Can't Compile Examples

I’m running OSX 10.8.2, I downloaded and installed CUDA 5.0 for Mac OSX without problem but when I try to compile the examples as per the instructions on the “getting started” page, I got this message:

Makefile:79: *** MPI not found, not building simpleMPI… Stop.
make: *** [0_Simple/simpleMPI/Makefile.ph_build] Error 2

The PATH and DYLD_LIBRARY_PATH variables are defined as is described, and I’ve also tried compiling for 64bit architecture (make x86_64=1) but it didn’t help. Is there something I’ve forgotten to install? Something not mentioned in the “getting started” document?


MPI is an additional library that may or may not be present on a given system. Inadvertendly the Makefile was constructed so it does not skip building this app when MPI is not present. You can invoke make -k to skip over this build failure. Alternatively you could install MPI on your machine.

Ah thanks! As I understand it, MPI is a library for distributing work over a network, is that right? If so how does it interact with CUDA?

Okay so some things compiled! :)
I’m getting this output when I run deviceQuery

nat-oitwireless-inside-vapornet100-c-14559:deviceQuery Zephyr$ ./deviceQuery
./deviceQuery Starting…

CUDA Device Query (Runtime API) version (CUDART static linking)

Detected 1 CUDA Capable device(s)

Device 0: "GeForce GT 650M"
  CUDA Driver Version / Runtime Version          5.0 / 5.0
  CUDA Capability Major/Minor version number:    3.0
  Total amount of global memory:                 1024 MBytes (1073414144 bytes)
  ( 2) Multiprocessors x (192) CUDA Cores/MP:    384 CUDA Cores
  GPU Clock rate:                                775 MHz (0.77 GHz)
  Memory Clock rate:                             2000 Mhz
  Memory Bus Width:                              128-bit
  L2 Cache Size:                                 262144 bytes
  Max Texture Dimension Size (x,y,z)             1D=(65536), 2D=(65536,65536), 3D=(4096,4096,4096)
  Max Layered Texture Size (dim) x layers        1D=(16384) x 2048, 2D=(16384,16384) x 2048
  Total amount of constant memory:               65536 bytes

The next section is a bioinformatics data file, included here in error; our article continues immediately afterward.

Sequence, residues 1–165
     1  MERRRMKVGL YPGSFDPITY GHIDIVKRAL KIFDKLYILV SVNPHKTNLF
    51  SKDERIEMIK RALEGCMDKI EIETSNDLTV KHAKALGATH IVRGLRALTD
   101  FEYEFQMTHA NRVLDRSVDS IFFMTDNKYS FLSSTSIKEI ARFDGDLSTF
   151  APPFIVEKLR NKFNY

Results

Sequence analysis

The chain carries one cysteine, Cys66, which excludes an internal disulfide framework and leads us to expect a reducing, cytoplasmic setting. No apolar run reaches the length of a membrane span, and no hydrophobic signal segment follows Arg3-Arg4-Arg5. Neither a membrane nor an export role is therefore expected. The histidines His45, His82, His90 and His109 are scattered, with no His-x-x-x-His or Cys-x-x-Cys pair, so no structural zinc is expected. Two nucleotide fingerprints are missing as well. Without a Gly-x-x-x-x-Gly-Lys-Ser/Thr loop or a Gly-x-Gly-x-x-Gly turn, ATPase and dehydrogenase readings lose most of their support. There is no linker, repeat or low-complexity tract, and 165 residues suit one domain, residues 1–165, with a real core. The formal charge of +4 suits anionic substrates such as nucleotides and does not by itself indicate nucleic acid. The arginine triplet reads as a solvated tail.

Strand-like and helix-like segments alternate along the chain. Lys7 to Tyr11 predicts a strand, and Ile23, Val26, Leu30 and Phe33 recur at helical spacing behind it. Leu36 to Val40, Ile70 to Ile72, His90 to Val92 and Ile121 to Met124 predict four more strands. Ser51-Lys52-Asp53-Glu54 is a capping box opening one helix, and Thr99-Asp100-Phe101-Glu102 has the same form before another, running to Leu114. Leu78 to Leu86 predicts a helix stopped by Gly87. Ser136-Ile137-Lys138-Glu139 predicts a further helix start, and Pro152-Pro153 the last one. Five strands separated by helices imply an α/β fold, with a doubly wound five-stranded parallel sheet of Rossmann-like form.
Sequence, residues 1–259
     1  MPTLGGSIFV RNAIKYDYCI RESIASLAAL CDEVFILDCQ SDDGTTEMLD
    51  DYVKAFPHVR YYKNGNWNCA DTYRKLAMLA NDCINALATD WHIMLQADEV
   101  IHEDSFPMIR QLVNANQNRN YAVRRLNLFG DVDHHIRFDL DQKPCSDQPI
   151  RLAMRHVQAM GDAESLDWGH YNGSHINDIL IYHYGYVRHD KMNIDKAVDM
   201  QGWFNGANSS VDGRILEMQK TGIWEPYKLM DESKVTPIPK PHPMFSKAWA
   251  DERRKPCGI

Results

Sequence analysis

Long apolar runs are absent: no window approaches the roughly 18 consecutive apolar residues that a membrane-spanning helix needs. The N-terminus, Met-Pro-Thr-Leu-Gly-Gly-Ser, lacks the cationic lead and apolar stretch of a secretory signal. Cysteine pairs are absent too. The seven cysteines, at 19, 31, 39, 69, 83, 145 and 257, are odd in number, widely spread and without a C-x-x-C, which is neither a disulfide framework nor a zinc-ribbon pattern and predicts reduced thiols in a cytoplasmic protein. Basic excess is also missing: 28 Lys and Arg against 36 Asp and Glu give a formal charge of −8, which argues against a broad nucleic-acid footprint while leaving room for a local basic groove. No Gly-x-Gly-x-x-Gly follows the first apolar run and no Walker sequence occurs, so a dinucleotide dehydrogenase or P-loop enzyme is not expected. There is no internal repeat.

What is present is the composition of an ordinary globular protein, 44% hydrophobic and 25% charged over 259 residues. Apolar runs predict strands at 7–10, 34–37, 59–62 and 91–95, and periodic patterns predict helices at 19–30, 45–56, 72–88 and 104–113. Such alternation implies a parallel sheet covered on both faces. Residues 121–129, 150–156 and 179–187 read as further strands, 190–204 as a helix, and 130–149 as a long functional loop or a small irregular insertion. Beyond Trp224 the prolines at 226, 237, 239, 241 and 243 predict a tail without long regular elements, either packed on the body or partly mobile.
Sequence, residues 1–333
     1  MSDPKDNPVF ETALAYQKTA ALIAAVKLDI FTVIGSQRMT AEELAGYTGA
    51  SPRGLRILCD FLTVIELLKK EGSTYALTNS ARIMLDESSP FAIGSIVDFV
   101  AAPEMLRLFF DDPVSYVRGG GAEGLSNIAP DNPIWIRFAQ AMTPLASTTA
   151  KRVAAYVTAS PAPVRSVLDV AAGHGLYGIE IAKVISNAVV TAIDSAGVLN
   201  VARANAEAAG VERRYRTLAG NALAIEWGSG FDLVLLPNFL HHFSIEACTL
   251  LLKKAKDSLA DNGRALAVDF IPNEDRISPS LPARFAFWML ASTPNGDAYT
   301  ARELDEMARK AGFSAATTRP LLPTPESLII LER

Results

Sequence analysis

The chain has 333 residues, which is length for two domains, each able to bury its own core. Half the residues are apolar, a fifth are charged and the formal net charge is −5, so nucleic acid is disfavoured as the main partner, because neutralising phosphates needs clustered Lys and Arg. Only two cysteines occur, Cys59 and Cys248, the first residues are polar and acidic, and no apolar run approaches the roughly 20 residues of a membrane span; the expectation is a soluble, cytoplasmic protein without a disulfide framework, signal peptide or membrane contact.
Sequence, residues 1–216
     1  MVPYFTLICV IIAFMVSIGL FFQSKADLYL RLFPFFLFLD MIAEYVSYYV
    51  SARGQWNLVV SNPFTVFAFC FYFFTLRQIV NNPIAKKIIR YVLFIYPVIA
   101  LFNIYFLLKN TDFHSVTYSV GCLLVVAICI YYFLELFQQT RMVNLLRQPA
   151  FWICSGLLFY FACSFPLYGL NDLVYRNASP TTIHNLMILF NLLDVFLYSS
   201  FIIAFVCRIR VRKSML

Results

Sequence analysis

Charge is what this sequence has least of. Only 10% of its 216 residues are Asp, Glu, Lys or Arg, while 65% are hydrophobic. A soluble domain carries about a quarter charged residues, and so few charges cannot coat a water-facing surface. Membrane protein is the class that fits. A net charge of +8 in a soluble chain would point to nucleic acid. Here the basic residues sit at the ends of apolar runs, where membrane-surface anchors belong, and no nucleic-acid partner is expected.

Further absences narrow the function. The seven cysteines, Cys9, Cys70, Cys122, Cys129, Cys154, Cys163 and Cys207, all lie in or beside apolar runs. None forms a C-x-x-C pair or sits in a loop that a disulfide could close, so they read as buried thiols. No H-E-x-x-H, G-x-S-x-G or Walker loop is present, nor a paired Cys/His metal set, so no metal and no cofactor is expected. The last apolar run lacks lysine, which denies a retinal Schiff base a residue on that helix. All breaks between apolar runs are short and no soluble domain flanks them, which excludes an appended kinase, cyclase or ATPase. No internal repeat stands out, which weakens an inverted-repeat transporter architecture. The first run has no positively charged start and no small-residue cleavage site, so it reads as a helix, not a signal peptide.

Total amount of shared memory per block:       49152 bytes
  Total number of registers available per block: 65536
  Warp size:                                     32
  Maximum number of threads per multiprocessor:  2048
  Maximum number of threads per block:           1024
  Maximum sizes of each dimension of a block:    1024 x 1024 x 64
  Maximum sizes of each dimension of a grid:     2147483647 x 65535 x 65535
  Maximum memory pitch:                          2147483647 bytes
  Texture alignment:                             512 bytes
  Concurrent copy and kernel execution:          Yes with 1 copy engine(s)
  Run time limit on kernels:                     Yes
  Integrated GPU sharing Host Memory:            No
  Support host page-locked memory mapping:       Yes
  Alignment requirement for Surfaces:            Yes
  Device has ECC support:                        Disabled
  Device supports Unified Addressing (UVA):      Yes
  Device PCI Bus ID / PCI location ID:           1 / 0
  Compute Mode:
     < Default (multiple host threads can use ::cudaSetDevice() with device simultaneously) >

deviceQuery, CUDA Driver = CUDART, CUDA Driver Version = 5.0, CUDA Runtime Version = 5.0, NumDevs = 1, Device0 = GeForce GT 650M
nat-oitwireless-inside-vapornet100-c-14559:deviceQuery Zephyr$

TL;DR the Test didn’t pass.

It actually looks like the test wasn’t run- what does this mean?

That is the test and it ran correctly (assuming that’s your card and everything)

To answer the question about MPI: To first order the use of MPI is orthogonal to the use of CUDA. When you have a cluster of CUDA-enabled nodes, you can use MPI to parallelize work across the nodes of the cluster, while CUDA is used to parallelize the work assigned to each node. The simpleMPI app shows how this multi-layer partitioning of work can be done, which is useful for programers who work in a cluster environment and are already familiar with MPI but new to CUDA. The basics of MPI aren’t hard to pick up, so if you have access to a cluster of some sort, give it a try.